When you think about great places to go hiking, a college campus probably doesn’t come to mind. However, at Hamilton College in Oneida County, you’ll find just that at Root Glen.
Root Glen is a botanical garden in the heart of this private college campus in Clinton, New York. It is named after the Root family that once lived on the present-day campus and, for three generations, planted and cared for this land for over 120 years.
Today, Root Glen is 7.5 acres in size and is home to more than 65 types of trees. A variety of paths run through this incredibly scenic area and even though a hike here isn’t overly long or strenuous, it’s well worth taking the time to see.
Parking for Root Glen is located along Collee Hill Road in the heart of campus. The lot can be found at the following coordinates: 43.049655, -75.405230.
You could also use the following address, but make sure to be careful to find the correct parking area so you don’t get ticketed or towed: 6909 College Hill Rd, Clinton, NY 13323.
The entrance to Root Glen is located at the back of the parking area near a beautiful gazebo. Here, you’ll find a map, but the trails through Root Glen are both unmarked and a bit confusing. However, given the size of the glen, you can’t really get lost.
The trails in Root Glen are wide and composed primarily of a beautiful crushed red stone. This makes the pathways really stand out amidst the towering trees. It’s hard to say exactly how long the hike is here as it depends on which trails you take, but a loop hike would probably be somewhere between half a mile and a mile in total.
While the trails might start off as handicapped accessible, the hillside here is steep and the trail definitely descends a bit of a steep grade in places. Fortunately, these steep sections are fairly short and there are many benches scattered throughout the grounds so you can catch your breath while hiking.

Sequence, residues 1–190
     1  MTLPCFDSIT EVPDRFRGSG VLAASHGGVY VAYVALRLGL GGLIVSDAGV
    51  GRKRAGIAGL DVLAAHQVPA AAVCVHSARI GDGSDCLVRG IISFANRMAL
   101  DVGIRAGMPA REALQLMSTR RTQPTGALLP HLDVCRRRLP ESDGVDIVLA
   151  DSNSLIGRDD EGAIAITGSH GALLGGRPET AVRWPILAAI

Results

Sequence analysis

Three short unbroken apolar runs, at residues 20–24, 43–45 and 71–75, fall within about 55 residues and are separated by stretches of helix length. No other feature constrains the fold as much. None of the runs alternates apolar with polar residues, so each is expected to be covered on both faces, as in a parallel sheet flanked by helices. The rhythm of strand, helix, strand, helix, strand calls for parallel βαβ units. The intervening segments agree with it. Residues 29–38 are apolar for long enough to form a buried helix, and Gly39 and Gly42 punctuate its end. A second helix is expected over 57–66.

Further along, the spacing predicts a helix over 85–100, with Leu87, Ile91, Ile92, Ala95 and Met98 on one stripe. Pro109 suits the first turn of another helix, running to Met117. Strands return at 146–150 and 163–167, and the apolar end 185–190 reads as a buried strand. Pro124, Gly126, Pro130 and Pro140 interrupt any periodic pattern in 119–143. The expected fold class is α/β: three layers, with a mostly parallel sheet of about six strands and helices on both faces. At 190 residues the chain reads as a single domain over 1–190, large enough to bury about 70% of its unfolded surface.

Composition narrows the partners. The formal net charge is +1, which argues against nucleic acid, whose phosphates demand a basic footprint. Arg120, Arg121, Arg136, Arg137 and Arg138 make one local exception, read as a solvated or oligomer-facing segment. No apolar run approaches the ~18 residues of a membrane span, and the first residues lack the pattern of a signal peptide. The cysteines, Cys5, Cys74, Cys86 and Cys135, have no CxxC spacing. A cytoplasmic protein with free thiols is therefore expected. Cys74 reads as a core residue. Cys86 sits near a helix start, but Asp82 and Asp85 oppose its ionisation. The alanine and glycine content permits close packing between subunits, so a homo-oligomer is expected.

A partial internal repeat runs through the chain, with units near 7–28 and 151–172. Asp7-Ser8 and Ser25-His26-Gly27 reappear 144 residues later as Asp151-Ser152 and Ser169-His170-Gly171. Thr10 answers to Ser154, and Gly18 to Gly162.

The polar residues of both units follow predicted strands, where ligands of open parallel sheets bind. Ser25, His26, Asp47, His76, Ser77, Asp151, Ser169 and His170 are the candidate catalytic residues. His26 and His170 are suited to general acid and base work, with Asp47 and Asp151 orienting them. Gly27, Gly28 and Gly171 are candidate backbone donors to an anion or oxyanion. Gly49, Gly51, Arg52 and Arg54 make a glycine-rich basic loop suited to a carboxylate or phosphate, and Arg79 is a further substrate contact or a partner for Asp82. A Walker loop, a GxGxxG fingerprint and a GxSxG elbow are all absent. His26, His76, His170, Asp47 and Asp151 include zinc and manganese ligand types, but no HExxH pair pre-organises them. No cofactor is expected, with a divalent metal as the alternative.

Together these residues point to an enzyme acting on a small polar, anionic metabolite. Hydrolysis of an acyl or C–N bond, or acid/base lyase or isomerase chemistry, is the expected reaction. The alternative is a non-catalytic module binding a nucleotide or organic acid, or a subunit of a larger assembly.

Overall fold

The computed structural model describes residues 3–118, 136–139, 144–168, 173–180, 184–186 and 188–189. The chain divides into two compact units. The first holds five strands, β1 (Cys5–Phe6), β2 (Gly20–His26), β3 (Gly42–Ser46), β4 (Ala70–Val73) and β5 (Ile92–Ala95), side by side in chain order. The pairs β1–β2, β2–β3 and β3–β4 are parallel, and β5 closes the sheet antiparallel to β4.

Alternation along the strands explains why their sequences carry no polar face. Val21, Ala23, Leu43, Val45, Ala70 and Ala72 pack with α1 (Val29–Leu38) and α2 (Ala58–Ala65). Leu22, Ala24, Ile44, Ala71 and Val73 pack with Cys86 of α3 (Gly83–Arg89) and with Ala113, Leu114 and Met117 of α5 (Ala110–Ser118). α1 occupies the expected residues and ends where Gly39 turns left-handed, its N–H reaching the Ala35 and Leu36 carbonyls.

While the entire area is beautiful, the highlight is the section along the small stream at the bottom of the glen.
Here, the water cascades down the hillside and likely creates a few small waterfalls when water levels are higher than they were during my visit.
A total of seven wooden bridges cross the stream, in some places crossing as much as 10 feet over the water below. This creates a magical scene with bridges crisscrossing the stream as the trail weaves its way through the glen.
It’s worth noting, especially for those with young children, that none of the bridges have railings, so exercise caution when crossing them.
Along the way through Root Glen, you’ll also see signs denoting different species of trees (Root Glen is home to the tallest Norway Spruce in the United States) as well as a variety of artwork. Unfortunately, there are no signs adjacent to the pieces of art, so you’ll have to enjoy them without knowing anything about their creation or meaning.
Ultimately, the real joy of Root Glen is simply setting off and exploring the incredible landscape at this hidden gem of Central New York. It really goes to show that beauty can be found just about anywhere if you know where to look.
Whether you visit in the spring to see the blooming flowers, in the fall to see the colorful foliage, or at another time of the year, this is a beautiful landscape that you could visit again and again.
[Click here for information on how to use the coordinates in this article to find your destination.]